Freshman Caleb Poorman has enjoyed being on Instagram and using his platform to spread positive messages. Now, he and four other MU students have jobs using their social media platforms to help spread COVID-19-related safety messaging to the campus community.
Influencers have the power to affect buying or other action decisions of the people who follow them online through platforms such as Instagram, Snapchat and YouTube.
“Social media in general is a very powerful tool for communication,” Poorman said. “If used properly and correctly, you could do a lot of things with social media.
“With mine, I try to display positivity,” he continued. “The fact that I was given an opportunity to be an influencer through the University of Missouri was a special opportunity that I really wanted to jump on.”
In addition to Poorman, who is majoring in biology on the pre-med track, the influencers are health sciences junior Erin Marquino, biology senior Sarah Kerns, communication senior Annie Vukotich and business senior Niki Tajik.
They identified themselves on Instagram using the hashtag #Mizzou_Ambassador on Wednesday and will continue posting content, encouraging the MU community to follow COVID-19 safety guidelines such as wearing a mask, practicing social distancing, using the #CampusClear app and staying updated with MU policies.
“On and off campus, it’s important to stay safe while still having fun,” Poorman posted on Instagram. “I am partnering with @Mizzou to ensure we keep campus safe and accessible for everyone! Using hand sanitizer, wearing a mask, and washing your hands regularly is key in fighting off this virus! Be sure to check out MU’s COVID symptom checker, #CampusClear, too.”
Since Aug. 19, when MU began receiving student data on from the Columbia/Boone County Department of Public Health and Human Services, 822 cases have been reported as of Friday. Of those, 551 cases remained active.
Cases among 18- to 22-year-olds have been surging. On Saturday, Boone County reported another daily record high of 221 cases, 182 of which were in the 18-22 age range.
The campus influencers are part of a campaign MU created to help stop the spread of COVID-19. The campaign includes the Show Me Renewal website, which has campus COVID-19 data.
“We have spent money on various marketing materials, spreading the word about our efforts to fight COVID, as well as how we expect the community to fight COVID,” MU spokesperson Christian Basi said.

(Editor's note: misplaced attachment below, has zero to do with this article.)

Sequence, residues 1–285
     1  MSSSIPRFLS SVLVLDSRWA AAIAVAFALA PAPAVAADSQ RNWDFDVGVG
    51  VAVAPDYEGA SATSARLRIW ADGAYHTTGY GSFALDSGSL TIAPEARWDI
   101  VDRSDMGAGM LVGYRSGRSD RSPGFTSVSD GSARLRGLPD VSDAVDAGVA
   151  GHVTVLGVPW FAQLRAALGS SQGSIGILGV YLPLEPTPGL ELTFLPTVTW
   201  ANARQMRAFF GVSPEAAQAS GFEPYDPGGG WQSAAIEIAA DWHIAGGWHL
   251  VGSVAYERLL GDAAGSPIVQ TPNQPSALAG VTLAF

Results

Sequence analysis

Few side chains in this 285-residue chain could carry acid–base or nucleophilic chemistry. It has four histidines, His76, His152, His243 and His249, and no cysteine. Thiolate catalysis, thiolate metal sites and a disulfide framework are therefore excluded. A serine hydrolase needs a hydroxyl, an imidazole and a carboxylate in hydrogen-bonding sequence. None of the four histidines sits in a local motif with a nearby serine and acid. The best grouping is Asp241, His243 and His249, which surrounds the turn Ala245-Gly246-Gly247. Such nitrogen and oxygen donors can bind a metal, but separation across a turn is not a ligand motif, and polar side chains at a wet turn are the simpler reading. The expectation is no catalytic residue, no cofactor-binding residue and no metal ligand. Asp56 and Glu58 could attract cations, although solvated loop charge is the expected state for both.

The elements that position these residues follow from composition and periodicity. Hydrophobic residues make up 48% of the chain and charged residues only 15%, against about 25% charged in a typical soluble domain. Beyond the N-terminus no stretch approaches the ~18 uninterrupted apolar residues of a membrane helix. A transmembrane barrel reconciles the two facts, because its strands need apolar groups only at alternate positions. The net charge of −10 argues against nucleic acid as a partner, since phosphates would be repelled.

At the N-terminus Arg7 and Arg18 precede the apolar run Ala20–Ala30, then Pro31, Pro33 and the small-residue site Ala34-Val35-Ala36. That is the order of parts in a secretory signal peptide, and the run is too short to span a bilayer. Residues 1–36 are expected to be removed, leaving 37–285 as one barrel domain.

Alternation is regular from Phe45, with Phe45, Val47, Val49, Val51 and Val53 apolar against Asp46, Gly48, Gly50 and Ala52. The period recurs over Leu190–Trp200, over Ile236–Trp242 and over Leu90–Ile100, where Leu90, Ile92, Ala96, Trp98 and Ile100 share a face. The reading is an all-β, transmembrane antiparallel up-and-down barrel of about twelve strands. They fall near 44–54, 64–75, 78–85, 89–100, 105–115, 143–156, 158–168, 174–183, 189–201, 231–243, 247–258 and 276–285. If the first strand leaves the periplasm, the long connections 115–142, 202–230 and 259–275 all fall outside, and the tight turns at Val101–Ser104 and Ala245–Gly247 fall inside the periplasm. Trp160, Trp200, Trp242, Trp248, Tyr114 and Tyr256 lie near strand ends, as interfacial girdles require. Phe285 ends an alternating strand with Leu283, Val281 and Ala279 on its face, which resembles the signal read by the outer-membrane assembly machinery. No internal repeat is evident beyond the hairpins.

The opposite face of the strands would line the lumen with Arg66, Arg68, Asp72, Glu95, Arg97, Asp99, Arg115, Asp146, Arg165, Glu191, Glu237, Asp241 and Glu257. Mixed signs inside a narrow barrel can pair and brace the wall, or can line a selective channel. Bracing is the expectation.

MU was not directly involved in selecting the influencers. Through its Joint Office of Strategic Communications and Marketing, MU paid Glacier, a Canadian company that specializes in high school and student advertising, $10,300 to take over the influencers project.
The contract between MU and Glacier began the week of Aug. 17 and ends Sept. 25. Glacier may choose up to six influencers for MU, Basi said.
Glacier selected the students and, as part of a three-month contract with them, is compensating them in some fashion. Basi said he did not know the breakdown of how Glacier is using the money. Poorman declined to comment on compensation for the students. Glacier did not respond Friday to an email or phone requests for an interview.
To communicate COVID-19 safety to students, MU also has sent students mass emails; started the social media hashtags #MaskUpMizzou and #TigersSupportTigers; purchased sidewalk clings and stickers with messaging to place around campus; paid for signs around campus encouraging positive behavior; and had videos made by MU administration and student leaders.
Students also received kits including two face masks, a packet of 45 sanitizing wipes, a 2-ounce bottle of hand sanitizer refillable around campus and a magnet with a list of symptoms meant to be used for daily self-monitoring.
Other colleges and universities around the country are taking similar steps to encourage their communities to prevent the spread of COVID-19. Among them, Auburn University in Alabama created a site similar to MU’s Show Me Renewal website called A Healthier U and has shared videos made by student leaders and campus administrators urging its campus community to practice safety guidelines.
“We certainly have spent money to spread the word about what everyone can do to prevent this virus from getting worse,” Basi said. “(Campus influencers are) another tool that we have.”
All influencers were contacted to comment on their roles, but two declined and two did not respond.
Online responses to the influencers project have been mixed.
“Being an influencer on any platform, promoting any general idea, you’re going to have both positive and negative feedback,” Poorman said. “It was expected, but it hasn’t changed my mind about this role. Regardless of the negative feedback, I’m going to continue to post on Instagram and play my part in stopping this (pandemic).”